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Researchers have made what the International Aids Society called an “exciting breakthrough” in the fight against HIV/AIDS . Pharmaceutical company Sanofi and the United States National Institutes of Health (NIH) together engineered an antibody that can tackle 99 percent of HIV strains. The antibody has prevented infection in primates . The new antibody can interact with three crucial parts of the HIV virus. And it targets more strains than naturally occurring antibodies, the best of which attack 90 percent of strains. Researchers ran experiments on 24 monkeys. They gave one antibody to eight monkeys, a different one to another eight, and the final eight they gave the new antibody. Five days later they exposed the monkeys to strains of SHIV, a monkey form of HIV. None of those given the new antibody developed an infection. Related: 44-year-old British man could be the first to receive HIV cure The antibody is called a tri-specific antibody because it’s a combination of three broadly neutralizing antibodies. NIH described it as a three-in-one antibody. Broadly neutralizing antibodies tackle “something fundamental to HIV” according to the BBC. Sanofi Chief Scientific Officer Gary Nabel said tri-specific antibodies “can block multiple targets with a single agent.” He told the BBC, “They are more potent and have greater breadth than any single naturally occurring antibody that’s been discovered.” International Aids Society president Linda-Gail Bekker told the BBC, “These super-engineered antibodies seem to go beyond the natural and could have more applications than we have imagined to date. It’s early days yet, and as a scientist I look forward to seeing the first trials get off the ground in 2018. As a doctor in Africa , I feel the urgency to confirm these findings in humans as soon as possible.” The journal Science published the study last week. Scientists from Harvard Medical School, Massachusetts Institute of Technology, and The Scripps Research Institute also collaborated on the research. Human trials are slated to begin next year. Via the BBC and the National Institutes of Health Images via NIAID on Flickr and Sanofi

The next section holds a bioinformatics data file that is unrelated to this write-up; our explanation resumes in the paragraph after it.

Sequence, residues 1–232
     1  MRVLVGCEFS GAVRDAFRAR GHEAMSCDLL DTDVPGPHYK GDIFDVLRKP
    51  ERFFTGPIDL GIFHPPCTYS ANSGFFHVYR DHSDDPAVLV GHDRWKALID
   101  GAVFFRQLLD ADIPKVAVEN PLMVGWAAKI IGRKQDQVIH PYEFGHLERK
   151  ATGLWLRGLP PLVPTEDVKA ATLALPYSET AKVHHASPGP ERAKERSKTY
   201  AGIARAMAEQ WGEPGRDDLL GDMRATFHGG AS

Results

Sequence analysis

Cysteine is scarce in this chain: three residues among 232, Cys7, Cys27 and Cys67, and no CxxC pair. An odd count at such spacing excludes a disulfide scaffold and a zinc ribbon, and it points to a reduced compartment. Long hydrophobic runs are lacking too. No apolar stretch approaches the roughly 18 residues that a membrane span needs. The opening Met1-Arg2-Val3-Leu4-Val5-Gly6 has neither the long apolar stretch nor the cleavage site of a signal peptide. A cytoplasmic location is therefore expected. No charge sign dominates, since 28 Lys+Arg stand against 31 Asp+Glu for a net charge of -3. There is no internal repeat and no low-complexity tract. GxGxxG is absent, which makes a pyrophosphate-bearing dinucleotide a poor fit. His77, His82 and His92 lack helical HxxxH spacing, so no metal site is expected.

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Nearly 10,000 plants grow on NYCs largest public indoor green wall

September 26, 2017 by